From L: RI President Gordon McInally, Dilmah Tea chairman Dilhan Fernando and PRIP K R Ravindran.

The club also ran a countrywide comprehensive publicity programme to educate and create greater public awareness on the need for screening and the necessity for the early detection of cervical cancer.

RC Birmingham brought in their experts from the University of ­Alabama’s famous O’Neal Cancer Center to help build a training of trainer programme for public health personnel with emphasis on midwives. The midwife system in Sri Lanka is extremely effective. Midwives were the key communicators with the target group that needed to be screened.

Meanwhile, the government fulfilled its obligation of providing the vaccines.


Corporate partnership

However, disaster stuck in the form of the economic collapse of the government and it did not have the resources to supply the test kits as pledged after the stock provided by Rotary was over.

As Samaratunga points out, “vaccination by itself is not enough. It must go hand-in-hand with the screening and testing process to make a serious impact.”

It was a serious setback, but the Colombo Rotarians would not be deterred. They sought out and encouraged a corporate donor to fill the vacuum left by the government. The Dilmah Charitable Foundation stepped in. Together with Rotary and the government they would ensure the sustainability and continuity of the screening operation with a joint vision for Sri Lanka to be cervical cancer free by 2030.


The MoU

An MoU to formalise this partnership was signed on Jan 23 this year between the project partners with MJF (Dilmah) Charitable Foundation which pledged about SLR 75 million, the government committing an additional SLR 35 ­million and RC Colombo members donating another SLR 26 million to cement this partnership.

The goal of eliminating cervical cancer by 2030 was back on track!

The MoU was signed by ­Dilhan Fernando, chairman of Dilmah Tea, Migara Alwis, president, RC Colombo, and Dr P G Mahipala, Sri Lanka’s health secretary, in the presence of RI President Gordon McInally and RI director Raju Subramanian.

RC Birmingham executive director Susan Jackson (top left) along with other members of her club.

Rotary and their partners Dilmah Foundation and the government of Sri Lanka were writing a new chapter in the fight against breast and ­cervical cancer. Each mammogram, each child vaccinated, each woman tested meant possibly a life saved. It was a testament to the power of collective action with Rotary acting as the main catalyst.

Summing up the project, PRIP Ravindran says, “Rotary Colombo’s Cancer Early Detection Centre isn’t just a building; it’s a symbol of hope, a beacon of progress, and a testament to what Rotarians can accomplish. It shows what can be achieved by a club if only it has the sustained dedication of individual members, imaginative initiative of Rotary leaders, the ­sincere commitment of a club and a ­magnanimous, knowledgeable and hands-on partner like Rotary Birmingham. The icing on the cake is Dilmah coming on board; this represents the best of example of corporate leadership.”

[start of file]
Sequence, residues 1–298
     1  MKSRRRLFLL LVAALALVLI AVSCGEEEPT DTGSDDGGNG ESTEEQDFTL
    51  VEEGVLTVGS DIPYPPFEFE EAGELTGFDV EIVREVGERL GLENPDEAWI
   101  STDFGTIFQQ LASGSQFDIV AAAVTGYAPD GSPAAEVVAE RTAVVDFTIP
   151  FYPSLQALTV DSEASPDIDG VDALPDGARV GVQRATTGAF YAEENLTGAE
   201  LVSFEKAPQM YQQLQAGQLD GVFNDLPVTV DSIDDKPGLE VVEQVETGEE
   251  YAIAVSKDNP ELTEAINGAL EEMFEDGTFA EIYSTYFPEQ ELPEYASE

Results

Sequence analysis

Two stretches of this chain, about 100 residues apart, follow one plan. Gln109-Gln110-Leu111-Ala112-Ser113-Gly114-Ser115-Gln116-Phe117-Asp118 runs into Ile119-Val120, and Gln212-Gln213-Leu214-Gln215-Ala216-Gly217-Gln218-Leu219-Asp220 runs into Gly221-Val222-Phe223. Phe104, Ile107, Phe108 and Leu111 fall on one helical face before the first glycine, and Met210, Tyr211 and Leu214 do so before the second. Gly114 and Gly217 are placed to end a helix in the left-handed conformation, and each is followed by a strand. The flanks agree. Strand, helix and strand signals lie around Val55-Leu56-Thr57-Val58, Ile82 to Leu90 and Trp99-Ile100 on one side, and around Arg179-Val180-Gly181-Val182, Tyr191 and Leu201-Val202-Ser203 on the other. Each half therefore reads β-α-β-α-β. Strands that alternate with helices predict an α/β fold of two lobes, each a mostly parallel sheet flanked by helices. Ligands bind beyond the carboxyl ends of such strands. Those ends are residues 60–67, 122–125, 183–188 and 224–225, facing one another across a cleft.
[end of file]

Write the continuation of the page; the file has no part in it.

Pictures by Rasheeda Bhagat



How Dilmah was brought on board

Speaking to Rotary News on his family foundation making such a big commitment of SLR 75 million for the first year towards the cause of eliminating cervical cancer from Sri Lanka, Dilma Tea chairman and CEO, the disarming and affable Dilhan Fernando said: “The business philosophy of my late father was that a minimum of 15 per cent of our pre-tax profits should go towards philanthropy.”

While he was walking with PRIP K R Ravindran recently, “he told me about this project and how it comprehensively addresses preventable and curable cervical cancer in Sri Lanka. He told me that while the government has given great support to this excellent project, competing priorities in a difficult economic situation in the country required help from other sources. When Ravi mentioned this to me, I felt this has to be corrected and I am so very happy that today we are signing the MoU with the government and Rotary.”

While this year his foundation has committed SLR 75 million for this project, “every year we will assess the work that has been done… just as we do in any business we undertake, and after that assessment, we will help accordingly in the next few years.”

He added that the Dilmah ­Charitable Foundation executes its charitable projects directly; “apart from this, we do 150 projects for ­children, women, housing, nutrition, etc. We have some 300 people in the field to execute these projects,” he said.

So is he a Rotarian? Dilhan smiles and says, “I was a Rotarian and member of RC Colombo Metropolitan, but I travel a lot and so got kicked out for lack of attendance! But now they have called to say there is no more insistence on attendance, so I plan to rejoin.”

While the corporate, the government and the Rotarians are committed to ensuring the sustainability and continuity of this project which hopes to eliminate cervical cancer from Sri Lanka by 2030, ­Ravindran, a close friend of Dilmah founder, the late Merrill J Fernando, says “Merrill’s philosophy was ‘Business is a matter of human service!’ As a trustee of their Foundation, I can tell you firsthand that they spend over $3 million per annum in their philanthropy efforts each year. Thanks to them, we at RC Colombo are happy that our goal of eliminating cervical cancer by 2030 is back on track!”

Leave a Reply

Your email address will not be published. Required fields are marked *

kenslot kenslot kenslot slot thailand kenslot asia99 kenslot pragmatic88 pragmatic88 asia99 slot thailand kenslot kenslot kenslot eslot gb777
Message Us